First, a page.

May 2006

Paging Famous People

Don’t suppose Will Wright, Tim Schafer, Warren Spector, Reggie Fils-Aime, or Gabe & Tycho read this blog? I’ve made the promise to get these people and more for interviews on Evil Avatar Radio. And for bonus points, I’m going to get Tim Schafer and Reggie Fils-Aime at the same time, so we can coerce them to get a Tim Schafer game on the Wii. I have no doubt his wonderful characters, worlds, and overall design would make for an excellent coupling with the Wii’s “interesting” tech.

Ah well. I guess I’m off to email them all. I wonder if one mass emailing is overly unprofessional? And if that fails, I could always stand outside of their houses holding a 80s style boombox over my head, a la Lloyd Dobler. After all, to know Jeffool is to love him, right?

Note to self: This is the perfect chance to snag Brett Douville a Wii devkit! Anyone else want one?

Evil Avatar Radio
Project X

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Dear Sony,

I would like to thank you for your press conference Monday night. You took a chatroom full of people who previously took every chance to make fun of the name ‘Wii’, and united them against a common cause, you. Not only was your performance forced and rather boring, but let’s do the checklist!

First a lecture telling us that you’ve sold over 100million PS2s and other numbers. (As if about half of those weren’t people rebuying the system after their died.)

-Gran Turismo 4, slightly retooled for the PS3. Gran Turismo HD? The same game running in HD and you gave it ten minutes? Seriously Sony, what the fuck?

-+EyeToy. A new EyeToy game isn’t a game so much as a nice side item to the game, like R.O.B. the Robot. While you’re playing a CCG, EyeToy sees the cards you play, airing that on TV, with monsters appearing over them and fighting. Interesting, but not really ‘fun’.

-PS3 will have a MySpace-esque service. Yay?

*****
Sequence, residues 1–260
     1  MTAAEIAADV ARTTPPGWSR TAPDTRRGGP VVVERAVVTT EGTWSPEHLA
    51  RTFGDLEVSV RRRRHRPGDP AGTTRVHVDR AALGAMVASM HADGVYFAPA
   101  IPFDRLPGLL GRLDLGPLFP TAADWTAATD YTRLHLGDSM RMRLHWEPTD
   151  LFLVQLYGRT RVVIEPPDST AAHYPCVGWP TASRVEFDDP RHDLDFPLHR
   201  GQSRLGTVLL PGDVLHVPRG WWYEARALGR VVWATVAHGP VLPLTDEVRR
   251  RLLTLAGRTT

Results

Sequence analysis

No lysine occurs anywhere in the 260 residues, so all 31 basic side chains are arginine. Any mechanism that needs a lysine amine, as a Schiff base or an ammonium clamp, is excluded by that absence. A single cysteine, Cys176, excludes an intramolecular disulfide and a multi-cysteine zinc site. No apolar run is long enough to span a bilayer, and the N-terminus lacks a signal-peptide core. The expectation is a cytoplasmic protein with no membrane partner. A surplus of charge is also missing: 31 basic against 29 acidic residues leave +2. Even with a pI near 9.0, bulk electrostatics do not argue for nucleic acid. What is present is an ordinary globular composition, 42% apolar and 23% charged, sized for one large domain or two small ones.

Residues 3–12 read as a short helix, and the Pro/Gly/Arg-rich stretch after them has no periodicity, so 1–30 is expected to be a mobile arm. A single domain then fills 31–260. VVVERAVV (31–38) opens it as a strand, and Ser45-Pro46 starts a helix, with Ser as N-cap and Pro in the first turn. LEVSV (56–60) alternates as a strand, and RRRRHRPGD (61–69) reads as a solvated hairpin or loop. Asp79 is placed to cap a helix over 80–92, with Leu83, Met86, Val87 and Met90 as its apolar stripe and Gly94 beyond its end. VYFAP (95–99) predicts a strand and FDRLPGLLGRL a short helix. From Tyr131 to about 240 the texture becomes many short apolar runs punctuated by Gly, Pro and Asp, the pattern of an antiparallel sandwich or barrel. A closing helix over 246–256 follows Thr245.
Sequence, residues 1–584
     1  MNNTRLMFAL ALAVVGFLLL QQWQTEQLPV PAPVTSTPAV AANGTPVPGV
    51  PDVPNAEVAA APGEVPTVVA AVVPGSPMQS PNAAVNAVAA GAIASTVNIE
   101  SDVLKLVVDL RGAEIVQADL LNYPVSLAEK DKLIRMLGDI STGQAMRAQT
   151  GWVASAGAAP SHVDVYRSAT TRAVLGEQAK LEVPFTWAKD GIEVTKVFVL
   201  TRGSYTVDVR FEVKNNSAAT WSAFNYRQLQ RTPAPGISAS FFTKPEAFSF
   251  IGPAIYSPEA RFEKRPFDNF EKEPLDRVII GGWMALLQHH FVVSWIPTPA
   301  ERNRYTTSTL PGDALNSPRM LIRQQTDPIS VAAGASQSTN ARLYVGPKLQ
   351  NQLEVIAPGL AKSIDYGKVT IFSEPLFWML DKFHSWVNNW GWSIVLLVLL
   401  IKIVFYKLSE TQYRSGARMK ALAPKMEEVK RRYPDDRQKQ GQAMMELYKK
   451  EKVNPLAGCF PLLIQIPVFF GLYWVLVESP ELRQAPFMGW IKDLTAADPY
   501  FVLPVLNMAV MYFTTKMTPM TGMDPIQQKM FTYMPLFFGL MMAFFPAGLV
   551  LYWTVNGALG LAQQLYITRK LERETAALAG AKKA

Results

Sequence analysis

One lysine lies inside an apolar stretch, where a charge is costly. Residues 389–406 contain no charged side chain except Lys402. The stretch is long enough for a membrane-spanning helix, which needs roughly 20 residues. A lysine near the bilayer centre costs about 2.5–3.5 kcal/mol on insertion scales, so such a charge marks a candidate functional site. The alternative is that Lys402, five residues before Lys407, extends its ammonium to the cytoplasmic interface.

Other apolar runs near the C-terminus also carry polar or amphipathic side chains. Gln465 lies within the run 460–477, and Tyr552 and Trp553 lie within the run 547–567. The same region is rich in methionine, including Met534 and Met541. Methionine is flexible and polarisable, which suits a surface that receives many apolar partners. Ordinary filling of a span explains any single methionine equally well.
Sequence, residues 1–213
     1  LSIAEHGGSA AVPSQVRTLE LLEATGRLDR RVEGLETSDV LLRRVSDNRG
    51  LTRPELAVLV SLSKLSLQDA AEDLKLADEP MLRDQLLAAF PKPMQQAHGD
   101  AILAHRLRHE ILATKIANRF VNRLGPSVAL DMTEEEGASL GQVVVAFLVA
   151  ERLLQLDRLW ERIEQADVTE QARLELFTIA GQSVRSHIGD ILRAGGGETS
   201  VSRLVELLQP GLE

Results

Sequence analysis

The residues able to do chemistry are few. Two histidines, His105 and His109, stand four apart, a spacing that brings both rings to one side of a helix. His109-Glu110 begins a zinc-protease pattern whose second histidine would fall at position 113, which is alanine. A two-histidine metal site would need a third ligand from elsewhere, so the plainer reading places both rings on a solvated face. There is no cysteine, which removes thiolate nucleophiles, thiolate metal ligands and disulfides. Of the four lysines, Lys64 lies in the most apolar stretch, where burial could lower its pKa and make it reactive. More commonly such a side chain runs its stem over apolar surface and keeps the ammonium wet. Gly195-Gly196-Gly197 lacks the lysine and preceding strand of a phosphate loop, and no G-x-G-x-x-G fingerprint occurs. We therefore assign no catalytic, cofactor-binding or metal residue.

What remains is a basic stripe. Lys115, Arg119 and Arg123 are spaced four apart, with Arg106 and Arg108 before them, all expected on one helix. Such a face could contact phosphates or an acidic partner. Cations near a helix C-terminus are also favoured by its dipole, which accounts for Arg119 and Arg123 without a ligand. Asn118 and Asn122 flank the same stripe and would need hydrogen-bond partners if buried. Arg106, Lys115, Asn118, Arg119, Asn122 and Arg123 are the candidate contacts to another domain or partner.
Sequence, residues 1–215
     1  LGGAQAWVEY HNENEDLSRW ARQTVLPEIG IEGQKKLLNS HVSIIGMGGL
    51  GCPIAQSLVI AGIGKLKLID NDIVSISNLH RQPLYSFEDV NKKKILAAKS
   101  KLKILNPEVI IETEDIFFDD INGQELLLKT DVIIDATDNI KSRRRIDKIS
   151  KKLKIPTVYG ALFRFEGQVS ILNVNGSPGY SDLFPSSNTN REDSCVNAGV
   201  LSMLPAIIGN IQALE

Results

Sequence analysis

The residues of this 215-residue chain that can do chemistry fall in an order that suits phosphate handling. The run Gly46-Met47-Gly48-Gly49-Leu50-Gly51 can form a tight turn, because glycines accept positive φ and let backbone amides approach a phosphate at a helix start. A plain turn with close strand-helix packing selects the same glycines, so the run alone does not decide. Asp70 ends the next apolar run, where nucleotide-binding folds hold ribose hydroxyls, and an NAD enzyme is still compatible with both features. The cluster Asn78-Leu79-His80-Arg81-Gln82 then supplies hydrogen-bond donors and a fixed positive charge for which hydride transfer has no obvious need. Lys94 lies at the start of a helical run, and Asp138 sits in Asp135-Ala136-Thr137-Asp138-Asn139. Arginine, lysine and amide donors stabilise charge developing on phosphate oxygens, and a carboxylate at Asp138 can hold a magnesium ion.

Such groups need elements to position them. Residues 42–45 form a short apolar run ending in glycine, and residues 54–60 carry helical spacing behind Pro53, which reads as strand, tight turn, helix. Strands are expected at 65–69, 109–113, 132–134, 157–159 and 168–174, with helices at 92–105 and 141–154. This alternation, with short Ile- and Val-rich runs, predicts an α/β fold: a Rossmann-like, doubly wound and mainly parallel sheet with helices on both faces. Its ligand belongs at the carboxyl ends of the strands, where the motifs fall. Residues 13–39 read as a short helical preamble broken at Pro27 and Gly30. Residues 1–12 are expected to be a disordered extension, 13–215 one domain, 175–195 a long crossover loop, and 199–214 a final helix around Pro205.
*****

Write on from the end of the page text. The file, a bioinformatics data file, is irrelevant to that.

-The online system is referenced as a good place for ‘shopping’. A decided boo goes here.

+A brief glimpse of games not expected at launch like Lair and Afrika. Also games from London Studios and Naughty Dog look fun enough.

And then there was your wannabe Wii controller. You claimed your new “innovative” controller will have ‘six degrees of freedom’, but by the horrible display given on-stage, it seems that it really just recognizes pitch, yaw, roll, and vertical change. So, if you moved the controller to the left without tilting it, the game would never know. It then doesn’t even have knowledge of where it is in relation to anything. So, it can’t do any of the things that the Wii can so far as gameplay. But the question isn’t ever “is the product better than the original,” only “is it good enough?” And to that I still laugh. In fact, the entire chatroom laughed the whole time until the very end when the controller was revealed, and then everyone laughed again.

Yes, when Kutaragi revealed your controller, which looks like a Dual Shock 2 with an Xbox ‘Guide’ button, the audience actually snickered at the man. Then they grew silent, and then made polite applause. And when he said “that’s not all,” I got a bad feeling in the pit of my stomach. I knew what he was going to do; we all did. But I felt like I was in the theater at a horror movie when the young blonde, before the opening credits, gets the phone call from inside the house. You shout “No! Don’t do it! You’ll die, and you’re not really that bad! Don’t get yourself killed!” But Kutaragi couldn’t help himself. It was bloody. And thank you from that Sony. Thank you.


Don’t believe me? Grab it from torrent, (here.) I’m grabbing a copy to watch again to see if I missed anything when I was nodding off from boredom.


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The Lesser Man’s Face Off

Generally Carnival of Gamers posts offer something to the reader. Well, this time I’m asking something of you. I’d like you to grade a test for me.